New Media Project

Helping religious leaders become theologically savvy about technology

Founded in 2010, the New Media Project aims to help religious leaders think theologically about digital technology. We think leaders need more than primers in building websites and using social media tools. We believe that leaders of faith communities also need a larger interpretive framework for recognizing and evaluating what’s happening in communication today. Even though the major shift in patterns and tools of communication brought about by digital technology will have a lasting effect on the church, compelling theological interpretations of the shift have not yet been adequately developed. Nor do sufficient strategic frameworks yet exist to help faith communities move forward using technology in theologically responsible ways.

We aim to change that. 

Explore the project on this website: Read the blog, case studies, and theological essays. View the videos from our February 8, 2013 conference, Digital Church: Theology and New Media. Most of it can be accessed from the Findings page. Become part of the community talking about these things. Share your thoughts and insights, questions and ponderings through comments on pages and blog posts. Join our Facebook page or Twitter feed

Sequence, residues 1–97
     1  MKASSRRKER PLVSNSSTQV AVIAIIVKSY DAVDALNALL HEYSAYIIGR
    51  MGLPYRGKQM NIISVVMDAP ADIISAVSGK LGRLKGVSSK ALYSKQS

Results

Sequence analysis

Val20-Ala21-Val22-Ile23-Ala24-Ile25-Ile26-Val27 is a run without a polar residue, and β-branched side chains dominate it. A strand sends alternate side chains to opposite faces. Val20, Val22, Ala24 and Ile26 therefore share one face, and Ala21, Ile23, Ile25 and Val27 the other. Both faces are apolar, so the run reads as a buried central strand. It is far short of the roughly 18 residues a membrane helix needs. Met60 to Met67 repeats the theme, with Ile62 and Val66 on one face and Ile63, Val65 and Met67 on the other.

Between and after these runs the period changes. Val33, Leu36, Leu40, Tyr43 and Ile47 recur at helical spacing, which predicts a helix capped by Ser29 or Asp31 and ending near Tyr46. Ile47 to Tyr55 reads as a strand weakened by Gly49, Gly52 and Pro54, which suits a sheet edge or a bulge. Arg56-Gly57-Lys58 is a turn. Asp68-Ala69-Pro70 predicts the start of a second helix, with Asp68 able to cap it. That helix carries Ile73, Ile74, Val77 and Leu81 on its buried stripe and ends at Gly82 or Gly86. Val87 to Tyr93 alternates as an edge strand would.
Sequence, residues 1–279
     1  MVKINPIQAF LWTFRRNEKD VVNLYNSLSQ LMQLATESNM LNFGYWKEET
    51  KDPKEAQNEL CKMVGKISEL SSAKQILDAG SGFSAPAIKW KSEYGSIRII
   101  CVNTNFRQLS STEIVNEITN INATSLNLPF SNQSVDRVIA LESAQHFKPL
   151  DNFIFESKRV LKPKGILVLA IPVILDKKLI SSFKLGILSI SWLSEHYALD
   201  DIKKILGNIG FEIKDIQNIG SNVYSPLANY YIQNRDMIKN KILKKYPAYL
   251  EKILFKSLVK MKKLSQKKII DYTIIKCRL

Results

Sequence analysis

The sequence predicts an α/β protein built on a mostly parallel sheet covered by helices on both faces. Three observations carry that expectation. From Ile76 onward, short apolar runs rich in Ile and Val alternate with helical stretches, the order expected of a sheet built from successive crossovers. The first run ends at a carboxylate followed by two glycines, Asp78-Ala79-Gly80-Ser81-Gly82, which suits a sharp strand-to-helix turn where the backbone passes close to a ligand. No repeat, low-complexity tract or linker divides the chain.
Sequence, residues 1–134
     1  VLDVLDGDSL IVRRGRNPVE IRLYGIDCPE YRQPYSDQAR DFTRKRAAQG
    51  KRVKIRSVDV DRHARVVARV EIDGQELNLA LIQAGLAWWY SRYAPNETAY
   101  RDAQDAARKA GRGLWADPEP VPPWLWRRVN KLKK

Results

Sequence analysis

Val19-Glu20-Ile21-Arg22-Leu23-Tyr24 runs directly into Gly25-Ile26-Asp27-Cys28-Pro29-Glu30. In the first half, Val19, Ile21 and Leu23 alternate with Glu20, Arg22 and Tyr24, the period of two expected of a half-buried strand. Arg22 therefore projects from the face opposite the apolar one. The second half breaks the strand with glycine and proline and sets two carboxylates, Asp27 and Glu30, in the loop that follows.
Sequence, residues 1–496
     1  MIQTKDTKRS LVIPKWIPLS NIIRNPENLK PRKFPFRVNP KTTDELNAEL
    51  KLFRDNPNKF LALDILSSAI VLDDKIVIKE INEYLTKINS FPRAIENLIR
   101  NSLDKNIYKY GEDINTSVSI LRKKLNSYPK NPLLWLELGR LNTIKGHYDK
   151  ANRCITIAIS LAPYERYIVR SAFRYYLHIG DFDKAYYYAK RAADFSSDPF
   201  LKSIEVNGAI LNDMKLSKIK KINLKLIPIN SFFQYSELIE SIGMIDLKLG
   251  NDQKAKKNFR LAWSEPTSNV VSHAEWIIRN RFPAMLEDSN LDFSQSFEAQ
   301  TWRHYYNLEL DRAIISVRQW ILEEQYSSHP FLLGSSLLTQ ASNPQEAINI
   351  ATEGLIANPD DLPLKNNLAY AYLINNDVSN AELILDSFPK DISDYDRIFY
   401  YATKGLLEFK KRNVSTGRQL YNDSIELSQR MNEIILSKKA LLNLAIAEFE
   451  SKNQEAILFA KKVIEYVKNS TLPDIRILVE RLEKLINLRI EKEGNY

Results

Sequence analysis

Featured Posts

  • Are smartphones helping to bridge the digital divide?

    Posted Oct 31, 2011 | New Media Project

    By Rebecca Bowman Woods, guest blogger | My first epiphany about smartphone usage among my congregation’s youth happened last fall. The teens and pre-teens were drawing interpretations of Genesis 1 in colored chalk on the church sidewalk. One of them suggested taking pictures of the drawings. I offered to get my camera, but before I could finish my sentence, they all pulled out smartphones and began snapping photos.

    Read Post | Comments (0)
  • The kids ARE all right

    Posted Oct 28, 2011 | New Media Project

    By Verity A. Jones | A New York Times article about childhood got stuck in my craw this summer; it might still be there. School had just started for my 11-year old daughter. A truly delightful summer of outdoor camps, water-skiing, library reading clubs, family vacations, and Girl Scout adventures was coming to an end. My daughter, excited about beginning fifth grade, her last year in elementary school, was busy making plans to run for treasurer of the student council.

    Read Post | Comments (1)